When you sleep all of your body’s muscles relax more than they do during waking hours. This may not cause problems for most people, but in some people with small throats this relaxation lets the airway narrow and interferes with breathing. Sleep then becomes a time of increased health risk. A smaller-than-normal jaw, large tongue, enlarged tonsils, or tissues that partially block the entrance to the airway can be factors. Sometimes several of these conditions are present in the same person.
Also read: The ABCs of a good night’s sleep
Alcohol, sleeping pills, and tranquillizers taken at bedtime also reduce muscle tone and can make the throat more likely to collapse. Some people with OSAS may actually sleep worse when they take a sleeping pill. While most people with OSAS have no apparent physical flaw that interferes with their breathing during sleep, some physical conditions can play a role. OSAS most often strikes overweight men. A different throat structure may protect women. In later years, the gap between the sexes narrows, although it never disappears completely.
What happens if I am not treated for OSAS?
The most common complaint of people with OSAS is excessive daytime sleepiness. The sleepiness is most often felt when the person with OSAS is still or “bored”. Under these circumstances, he or she may be unable to remain awake or to concentrate. Reading and driving an automobile can often be difficult because of irresistible sleep (dozing). The sleepiness produced by OSAS leads to an increased number of work related and automobile accidents in patients with the disorder.
Untreated OSAS has other consequences for health and well-being. A list of some of the known consequences of untreated OSAS can be found in the following table.
Some Consequences of Untreated OSAS:
- Excessive daytime sleepiness
- Myocardial Infarction (Heart attack)
- Symptoms of depression
- Menstrual irregularities in women
- Frequent nighttime urination
Treatment of OSAS often alleviates or eliminates most of the adverse consequences of the disorders. In many cases, the benefits of treatment are felt quickly after treatment is started.
What is a sleep study?
There are different kinds of sleep studies:
- Detailed overnight polysomnography is done in the sleep center.
- Portable studies that can be done in your house, which offer limited information.
- Daytime studies in some patients with excessive daytime sleepiness and suspected to have Narcolepsy.
Your sleep specialist will discuss these options and choose the one that is right for you.
If you have been asked to undergo a detailed polysomnograph in the sleep center, you would be asked to go to the center about one hour before your usual bedtime. Technicians would position some ‘wires’ and ‘sensors’ at different points on your body to continuously record your brain waves, muscle activity, leg and arm movements, heart rhythms, and other body functions during sleep.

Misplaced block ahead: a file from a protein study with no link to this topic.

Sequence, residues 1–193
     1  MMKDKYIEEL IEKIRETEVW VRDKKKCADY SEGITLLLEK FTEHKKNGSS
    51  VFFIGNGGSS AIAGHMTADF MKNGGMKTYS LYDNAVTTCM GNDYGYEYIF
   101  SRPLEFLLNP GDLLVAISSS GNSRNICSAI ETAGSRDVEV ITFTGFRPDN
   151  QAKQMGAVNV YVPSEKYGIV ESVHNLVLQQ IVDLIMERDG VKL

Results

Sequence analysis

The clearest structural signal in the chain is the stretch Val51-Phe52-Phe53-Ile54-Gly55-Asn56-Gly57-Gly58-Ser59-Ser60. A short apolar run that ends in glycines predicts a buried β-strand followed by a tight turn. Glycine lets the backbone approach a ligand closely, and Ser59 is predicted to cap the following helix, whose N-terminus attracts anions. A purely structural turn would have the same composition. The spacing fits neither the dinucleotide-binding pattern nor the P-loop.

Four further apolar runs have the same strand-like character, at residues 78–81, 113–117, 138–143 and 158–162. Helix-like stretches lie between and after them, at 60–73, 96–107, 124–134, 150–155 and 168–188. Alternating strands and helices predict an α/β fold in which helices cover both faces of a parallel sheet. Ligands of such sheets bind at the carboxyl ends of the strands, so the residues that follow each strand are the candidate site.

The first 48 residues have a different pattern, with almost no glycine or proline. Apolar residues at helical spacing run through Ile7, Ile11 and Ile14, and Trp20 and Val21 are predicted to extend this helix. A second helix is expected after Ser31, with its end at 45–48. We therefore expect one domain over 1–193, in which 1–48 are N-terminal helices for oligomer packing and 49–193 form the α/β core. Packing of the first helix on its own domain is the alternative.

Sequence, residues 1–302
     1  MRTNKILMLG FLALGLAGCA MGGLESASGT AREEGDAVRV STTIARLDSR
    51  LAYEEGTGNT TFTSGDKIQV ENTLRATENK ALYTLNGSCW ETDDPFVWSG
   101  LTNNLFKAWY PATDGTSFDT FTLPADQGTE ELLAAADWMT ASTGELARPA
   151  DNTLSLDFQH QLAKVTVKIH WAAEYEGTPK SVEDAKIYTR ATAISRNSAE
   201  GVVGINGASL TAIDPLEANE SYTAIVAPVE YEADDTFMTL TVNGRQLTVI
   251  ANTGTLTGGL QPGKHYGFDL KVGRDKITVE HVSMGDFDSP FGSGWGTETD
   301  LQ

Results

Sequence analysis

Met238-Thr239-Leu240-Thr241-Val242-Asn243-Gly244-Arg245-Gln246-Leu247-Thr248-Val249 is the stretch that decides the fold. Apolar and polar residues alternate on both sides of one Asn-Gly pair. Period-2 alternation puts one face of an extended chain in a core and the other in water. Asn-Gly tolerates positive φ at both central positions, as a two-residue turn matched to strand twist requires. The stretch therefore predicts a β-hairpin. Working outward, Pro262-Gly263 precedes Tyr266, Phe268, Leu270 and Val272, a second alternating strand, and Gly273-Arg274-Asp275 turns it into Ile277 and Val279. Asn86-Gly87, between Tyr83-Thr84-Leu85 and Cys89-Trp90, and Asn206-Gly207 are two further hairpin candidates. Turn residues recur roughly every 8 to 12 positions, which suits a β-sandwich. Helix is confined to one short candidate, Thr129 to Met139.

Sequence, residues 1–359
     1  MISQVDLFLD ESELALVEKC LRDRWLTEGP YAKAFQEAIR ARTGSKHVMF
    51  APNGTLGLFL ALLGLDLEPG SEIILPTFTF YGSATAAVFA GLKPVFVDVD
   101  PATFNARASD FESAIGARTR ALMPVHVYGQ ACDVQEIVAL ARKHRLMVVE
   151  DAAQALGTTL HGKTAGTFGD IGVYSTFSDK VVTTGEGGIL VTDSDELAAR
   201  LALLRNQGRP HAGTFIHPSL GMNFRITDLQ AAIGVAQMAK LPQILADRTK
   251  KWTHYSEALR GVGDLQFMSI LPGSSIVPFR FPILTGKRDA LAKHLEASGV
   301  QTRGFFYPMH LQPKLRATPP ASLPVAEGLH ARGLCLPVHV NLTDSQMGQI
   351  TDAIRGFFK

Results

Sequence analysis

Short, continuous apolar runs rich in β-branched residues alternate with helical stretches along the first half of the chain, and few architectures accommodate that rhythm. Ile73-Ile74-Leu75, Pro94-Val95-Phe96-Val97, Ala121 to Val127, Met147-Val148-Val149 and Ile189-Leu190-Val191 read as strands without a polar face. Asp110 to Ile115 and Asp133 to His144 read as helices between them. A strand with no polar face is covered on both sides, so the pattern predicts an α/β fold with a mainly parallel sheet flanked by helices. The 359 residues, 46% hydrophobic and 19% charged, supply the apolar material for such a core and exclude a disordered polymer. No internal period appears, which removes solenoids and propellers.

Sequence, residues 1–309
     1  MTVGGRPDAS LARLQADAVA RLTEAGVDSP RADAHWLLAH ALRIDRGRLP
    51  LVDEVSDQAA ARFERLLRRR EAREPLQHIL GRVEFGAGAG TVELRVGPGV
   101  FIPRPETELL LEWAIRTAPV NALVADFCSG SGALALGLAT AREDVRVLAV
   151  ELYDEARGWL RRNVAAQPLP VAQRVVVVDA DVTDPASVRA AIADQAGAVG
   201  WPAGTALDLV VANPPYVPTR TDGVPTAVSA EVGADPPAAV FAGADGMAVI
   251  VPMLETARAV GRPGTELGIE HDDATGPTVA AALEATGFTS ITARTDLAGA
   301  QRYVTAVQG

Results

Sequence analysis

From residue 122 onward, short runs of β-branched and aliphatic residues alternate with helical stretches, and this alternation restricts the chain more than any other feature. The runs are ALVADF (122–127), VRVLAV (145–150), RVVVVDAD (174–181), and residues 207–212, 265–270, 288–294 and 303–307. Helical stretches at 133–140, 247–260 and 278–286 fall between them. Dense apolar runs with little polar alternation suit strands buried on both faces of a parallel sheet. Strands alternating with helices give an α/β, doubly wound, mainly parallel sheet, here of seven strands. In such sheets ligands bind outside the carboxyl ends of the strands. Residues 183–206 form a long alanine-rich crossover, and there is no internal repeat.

Each sleep disorders center has its own system of running tests, and several devices may be used to study the different patterns of breathing during sleep. These include a light mask that covers the nose and mouth, small plastic prongs placed at the openings of your nose, or temperature – sensitive beads taped at points on the body to measure the rate at which air enters and leaves your lungs. These tests help record whether and when breathing difficulties occur. Stretch bands with small gauges may be placed around your chest and abdomen to measure the effort you make to breathe, and a device clipped to one of your earlobes or fingers would chart falls in levels of oxygen with each apnea episode.
If a portable, limited sleep study is ordered in your house, the technician will come to your house at night and hook up this portable recorder, which primarily records your breathing pattern and oxygen level. The technician will leave your house after hooking it up and will come back the following morning to pick it up and take it to the Sleep center for analysis.
Your sleep may be studied during the day as well, through a series of naps offered at two – hour intervals. This study, known as the multiple sleep latency test (MSLT), measures daytime sleepiness. The test may also be used to test for other causes of daytime sleepiness, such as narcolepsy, which is a neurological disorder.
What will be the likely treatment offered to me?
If you are diagnosed with OSAS you may benefit from both general measures and specific treatments.
- Normalize weight. Weight loss may help in the treatment of OSAS. Even a little weight loss may improve breathing during sleep, making sleep more restful and lessening daytime sleepiness.
- Avoid alcohol within four hours of bedtime. Alcohol depresses breathing and makes OSAS episodes more frequent and severe. Alcohol also appears to trigger OSAS in people who would otherwise merely snore.
- Avoid sleeping pills. Sleeping pills depress breathing, relax the muscles of the throat, and generally make OSAS worse. Exceptions may be necessary for people who are bothered by frequent awakenings that are not due to OSAS episodes. Seek out a healthcare professional’s advice if you use sleeping pills and have OSAS